My approach to applique is to create the quilt top, fuse the applique on, and then secure the edges of the applique with a zig zag stitch as part of the quilting process. Thus reducing the amount I needed to quilt. I don’t believe I have ever quilted over the appliqued pieces because part of the reason I like to applique is to showcase the fabrics I pick as part of the design.
However, this limits what I can quilt in the space around the applique. If I did the quilting lines first, I could expand the ideas I have for quilting (which is always a challenge for me.)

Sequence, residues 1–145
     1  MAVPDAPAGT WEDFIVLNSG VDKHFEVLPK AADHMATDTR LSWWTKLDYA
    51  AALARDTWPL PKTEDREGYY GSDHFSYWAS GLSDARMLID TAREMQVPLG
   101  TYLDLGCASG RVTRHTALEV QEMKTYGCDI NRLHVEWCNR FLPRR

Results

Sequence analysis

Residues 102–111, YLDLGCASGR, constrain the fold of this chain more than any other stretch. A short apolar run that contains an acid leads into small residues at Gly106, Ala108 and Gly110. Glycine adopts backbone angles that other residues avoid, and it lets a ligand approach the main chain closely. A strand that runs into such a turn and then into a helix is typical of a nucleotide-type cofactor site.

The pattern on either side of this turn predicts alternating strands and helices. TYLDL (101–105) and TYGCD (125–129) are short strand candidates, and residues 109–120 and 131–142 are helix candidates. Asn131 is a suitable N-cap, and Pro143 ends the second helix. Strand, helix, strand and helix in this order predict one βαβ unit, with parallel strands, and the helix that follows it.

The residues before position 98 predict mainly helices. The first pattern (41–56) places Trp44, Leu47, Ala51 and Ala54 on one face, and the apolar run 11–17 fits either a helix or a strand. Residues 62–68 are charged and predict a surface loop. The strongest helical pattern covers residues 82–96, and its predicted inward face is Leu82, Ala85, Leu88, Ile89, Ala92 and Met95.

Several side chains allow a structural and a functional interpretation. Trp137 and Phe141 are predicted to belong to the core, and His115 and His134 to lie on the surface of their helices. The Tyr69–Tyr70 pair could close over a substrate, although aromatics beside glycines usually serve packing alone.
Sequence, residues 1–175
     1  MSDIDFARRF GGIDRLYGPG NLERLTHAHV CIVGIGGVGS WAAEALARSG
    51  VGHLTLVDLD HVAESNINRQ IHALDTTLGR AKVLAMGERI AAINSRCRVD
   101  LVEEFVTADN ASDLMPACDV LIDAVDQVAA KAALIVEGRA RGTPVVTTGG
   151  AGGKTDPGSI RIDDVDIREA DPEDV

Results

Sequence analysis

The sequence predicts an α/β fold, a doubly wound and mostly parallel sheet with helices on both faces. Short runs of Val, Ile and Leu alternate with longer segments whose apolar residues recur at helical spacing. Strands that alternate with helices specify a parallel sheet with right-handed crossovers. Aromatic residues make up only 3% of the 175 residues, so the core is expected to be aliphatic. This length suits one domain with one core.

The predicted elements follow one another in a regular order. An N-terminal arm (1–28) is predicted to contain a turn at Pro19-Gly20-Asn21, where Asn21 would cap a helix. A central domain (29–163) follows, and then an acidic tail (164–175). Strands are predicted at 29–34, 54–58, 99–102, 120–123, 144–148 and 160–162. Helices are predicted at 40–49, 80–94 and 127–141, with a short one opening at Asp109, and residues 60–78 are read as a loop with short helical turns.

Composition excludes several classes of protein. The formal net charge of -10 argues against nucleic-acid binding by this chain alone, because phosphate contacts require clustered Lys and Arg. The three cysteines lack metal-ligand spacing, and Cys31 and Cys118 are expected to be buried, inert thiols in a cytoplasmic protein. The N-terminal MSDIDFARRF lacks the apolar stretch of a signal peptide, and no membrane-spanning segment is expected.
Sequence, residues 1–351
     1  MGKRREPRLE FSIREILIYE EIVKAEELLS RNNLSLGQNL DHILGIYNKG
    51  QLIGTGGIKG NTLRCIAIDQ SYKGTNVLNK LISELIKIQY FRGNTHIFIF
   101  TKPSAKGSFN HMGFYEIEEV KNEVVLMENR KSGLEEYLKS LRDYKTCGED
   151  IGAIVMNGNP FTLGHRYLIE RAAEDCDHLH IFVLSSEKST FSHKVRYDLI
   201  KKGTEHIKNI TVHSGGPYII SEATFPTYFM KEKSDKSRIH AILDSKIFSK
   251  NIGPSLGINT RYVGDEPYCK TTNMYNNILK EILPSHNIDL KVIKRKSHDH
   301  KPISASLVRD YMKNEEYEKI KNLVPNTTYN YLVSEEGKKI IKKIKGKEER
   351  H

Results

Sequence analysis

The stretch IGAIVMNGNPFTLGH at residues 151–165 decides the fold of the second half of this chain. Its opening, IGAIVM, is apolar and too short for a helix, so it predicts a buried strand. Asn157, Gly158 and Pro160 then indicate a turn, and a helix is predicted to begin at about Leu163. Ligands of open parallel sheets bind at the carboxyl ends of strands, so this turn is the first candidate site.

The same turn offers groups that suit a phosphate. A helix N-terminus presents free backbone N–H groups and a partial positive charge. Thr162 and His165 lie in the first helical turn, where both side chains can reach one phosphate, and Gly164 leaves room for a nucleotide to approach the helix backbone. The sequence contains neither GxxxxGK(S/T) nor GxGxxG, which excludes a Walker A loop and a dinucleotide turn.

In the past, I have added applique pieces over quilt lines as an afterthought, and there is one thing I learned. If you quilt first, and are usin…

Adding Additional Quilting Lines

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Although I create my quilts to sell, I also create what appeals to me. I have to like what I am making. If something hasn't sold in a couple of years, I take a more critical look at it to see why.

Recently, I decided that two of my quilts needed some extra quilting lines. Fortunately, it was fairly easy to add them in. Here is the original "final" picture of my yellow and white table runner.


The first year I had it on display, lots of people looked at it. Last year, not so much. I'm hoping with the extra quilting lines, which give it much more character, the quilt will sell.